With more than 150 million professionals as members, the LinkedIn networking service is, for my money, an essential part of any professional’s basic social networking “kit”.
But as a few recent conversations have shown me, not everyone gets that.
It seems there are many who see LinkedIn as little more than a place for people to post their resumes and for headhunters to look for the resumes they would like to find.
Whereas LinkedIn offers much more than that.
It’s by no means just a job board, although it can be and is used, quite extensively, for that.
As LinkedIn’s own definition explains:
LinkedIn is the world’s largest professional network …. LinkedIn connects you to your trusted contacts and helps you exchange knowledge, ideas, and opportunities with a broader network of professionals.
So the idea is by no means that you just post your resume there. For one thing, that would presumably make LinkedIn useless for all those people who are not looking for a job and do not see themselves doing so in the foreseeable future (putting aside wider issues such as the disappearance of the “lifetime job”).
Rather than just posting your resume, it is a place to establish your presence.
And then get active on the platform. Participate. Engage.
Because if you read that LinkedIn self-definition, you’ll notice it is not so much about displaying your employment history as it is about action – the platform is meant to help us “exchange knowledge, ideas and opportunities…”.
Photos and discussion in groups: LinkedIn goes social
There was a time when LinkedIn was more of an online directory and not structured for interaction beyond the basics of inviting, contacting, introducing and recommending. And there were no photos. An early Facebook it was not.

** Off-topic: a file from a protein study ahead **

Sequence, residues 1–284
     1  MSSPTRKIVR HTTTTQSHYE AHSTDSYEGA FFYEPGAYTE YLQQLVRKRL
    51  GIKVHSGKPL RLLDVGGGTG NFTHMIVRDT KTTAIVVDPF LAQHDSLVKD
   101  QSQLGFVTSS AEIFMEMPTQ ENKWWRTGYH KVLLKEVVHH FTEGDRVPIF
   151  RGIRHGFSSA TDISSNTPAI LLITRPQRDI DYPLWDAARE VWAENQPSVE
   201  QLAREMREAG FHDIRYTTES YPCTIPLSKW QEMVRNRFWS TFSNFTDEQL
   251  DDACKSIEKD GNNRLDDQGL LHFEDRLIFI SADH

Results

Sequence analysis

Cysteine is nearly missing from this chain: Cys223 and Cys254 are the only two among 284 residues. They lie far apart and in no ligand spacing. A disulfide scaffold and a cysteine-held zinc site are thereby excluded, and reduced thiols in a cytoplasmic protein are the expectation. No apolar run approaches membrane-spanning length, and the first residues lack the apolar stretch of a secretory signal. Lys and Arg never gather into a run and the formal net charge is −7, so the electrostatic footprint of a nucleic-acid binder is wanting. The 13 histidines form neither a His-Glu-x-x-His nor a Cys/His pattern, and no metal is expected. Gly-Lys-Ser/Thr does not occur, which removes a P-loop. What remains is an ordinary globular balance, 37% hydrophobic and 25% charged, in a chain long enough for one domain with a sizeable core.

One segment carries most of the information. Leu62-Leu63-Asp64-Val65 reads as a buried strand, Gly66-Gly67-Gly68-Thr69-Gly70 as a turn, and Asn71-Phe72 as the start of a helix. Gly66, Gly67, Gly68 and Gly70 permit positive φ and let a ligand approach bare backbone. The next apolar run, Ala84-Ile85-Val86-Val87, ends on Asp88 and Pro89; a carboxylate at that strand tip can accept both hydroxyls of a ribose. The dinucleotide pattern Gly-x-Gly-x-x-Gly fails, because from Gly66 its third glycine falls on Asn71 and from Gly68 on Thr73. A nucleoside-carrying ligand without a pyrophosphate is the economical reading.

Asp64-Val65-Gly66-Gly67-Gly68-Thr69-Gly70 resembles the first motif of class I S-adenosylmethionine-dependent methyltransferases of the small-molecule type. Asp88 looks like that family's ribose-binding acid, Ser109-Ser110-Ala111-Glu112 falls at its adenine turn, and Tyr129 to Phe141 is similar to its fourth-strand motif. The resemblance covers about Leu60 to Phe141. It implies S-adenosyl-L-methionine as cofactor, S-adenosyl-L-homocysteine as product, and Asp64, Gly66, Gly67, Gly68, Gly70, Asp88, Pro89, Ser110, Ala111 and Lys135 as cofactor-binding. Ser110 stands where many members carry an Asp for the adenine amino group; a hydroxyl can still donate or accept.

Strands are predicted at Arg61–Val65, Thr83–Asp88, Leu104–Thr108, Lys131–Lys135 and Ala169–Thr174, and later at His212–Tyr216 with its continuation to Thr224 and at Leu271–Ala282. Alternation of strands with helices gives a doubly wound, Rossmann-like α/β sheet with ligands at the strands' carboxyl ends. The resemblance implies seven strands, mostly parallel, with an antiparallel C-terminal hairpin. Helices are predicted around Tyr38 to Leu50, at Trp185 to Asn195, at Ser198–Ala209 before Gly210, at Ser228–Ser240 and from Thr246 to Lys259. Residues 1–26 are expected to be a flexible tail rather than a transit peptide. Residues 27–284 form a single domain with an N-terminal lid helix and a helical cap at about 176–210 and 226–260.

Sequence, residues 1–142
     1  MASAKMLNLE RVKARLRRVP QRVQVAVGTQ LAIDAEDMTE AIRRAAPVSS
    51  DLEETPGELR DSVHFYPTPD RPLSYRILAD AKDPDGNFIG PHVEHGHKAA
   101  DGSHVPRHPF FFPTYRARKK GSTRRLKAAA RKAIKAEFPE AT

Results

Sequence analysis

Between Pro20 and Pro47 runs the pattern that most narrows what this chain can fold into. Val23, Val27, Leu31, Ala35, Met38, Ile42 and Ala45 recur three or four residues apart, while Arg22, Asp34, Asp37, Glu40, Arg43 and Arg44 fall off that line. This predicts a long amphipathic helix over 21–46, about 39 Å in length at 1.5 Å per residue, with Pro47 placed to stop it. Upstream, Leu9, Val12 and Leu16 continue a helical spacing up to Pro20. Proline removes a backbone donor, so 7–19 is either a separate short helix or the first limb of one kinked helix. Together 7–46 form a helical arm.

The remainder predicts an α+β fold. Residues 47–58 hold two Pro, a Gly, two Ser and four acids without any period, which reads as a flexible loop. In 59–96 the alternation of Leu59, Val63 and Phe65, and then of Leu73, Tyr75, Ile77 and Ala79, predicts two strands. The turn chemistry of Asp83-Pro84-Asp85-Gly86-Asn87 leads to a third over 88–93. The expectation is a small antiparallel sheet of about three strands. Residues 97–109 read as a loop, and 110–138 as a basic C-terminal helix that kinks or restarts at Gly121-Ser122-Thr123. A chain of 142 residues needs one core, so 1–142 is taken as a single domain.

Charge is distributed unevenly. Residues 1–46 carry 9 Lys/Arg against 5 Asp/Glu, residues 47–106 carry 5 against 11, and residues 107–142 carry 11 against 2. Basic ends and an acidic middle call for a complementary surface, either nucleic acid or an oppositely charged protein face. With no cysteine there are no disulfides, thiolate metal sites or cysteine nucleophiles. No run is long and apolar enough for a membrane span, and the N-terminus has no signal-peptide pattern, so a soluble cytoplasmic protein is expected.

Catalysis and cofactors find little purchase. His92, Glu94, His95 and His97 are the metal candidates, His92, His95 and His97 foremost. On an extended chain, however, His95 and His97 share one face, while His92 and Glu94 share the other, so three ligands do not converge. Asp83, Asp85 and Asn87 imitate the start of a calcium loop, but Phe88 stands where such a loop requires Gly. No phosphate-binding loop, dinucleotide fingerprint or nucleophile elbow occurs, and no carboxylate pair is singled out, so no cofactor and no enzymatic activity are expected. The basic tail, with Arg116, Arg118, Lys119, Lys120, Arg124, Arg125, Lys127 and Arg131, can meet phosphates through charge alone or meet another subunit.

Eventually, LinkedIn became more social. In late 2007 there was the milestone of providing for profile photos (only one per person and rules to keep it all professional – this was not going to be a photo sharing site).
And if I’m not mistaken, it was not until some time after November 2008 that the greater “socializing” of LinkedIn Groups, i.e. more flexibility about establishing groups and provision for discussion forums, came into play.
Now the groups – which number well over one million, with memberships from 1 to hundreds of thousands – are places of discussion, promotion and networking. These days a group can be set up with a few keystrokes and no process of seeking approval.
Admittedly, with such an explosion of interaction has come a lot of spam, although the group management tools provided by LinkedIn give managers of groups the power to limit or block most or all of the spam.
The groups cover a wide range of professional interests. Some are locally based, others quite international. There is a groups directory which you can access by clicking on the Groups tab at the top of your LinkedIn page, once you are logged in to your account.
Diving in is a good idea
It’s a regular experience for me that, having explained and other features of present-day LinkedIn, someone will say “I suppose I had better think about using it more”. Considering that a few of these people actually seem interested but give the impression they might need to do some studying as well as thinking, before they take action, I’ve decided that when I next hear that “thinking about it” comment I’ll say “don’t think about it, just dive in!”.
And for anyone who is a bit nervous about the diving in approach, or indeed anyone just wanting a few pointers on how to get more active on LinkedIn and leverage their membership for the good of their business or career, there’s my free guide, 5 Simple Steps for Getting Started with LinkedIn.
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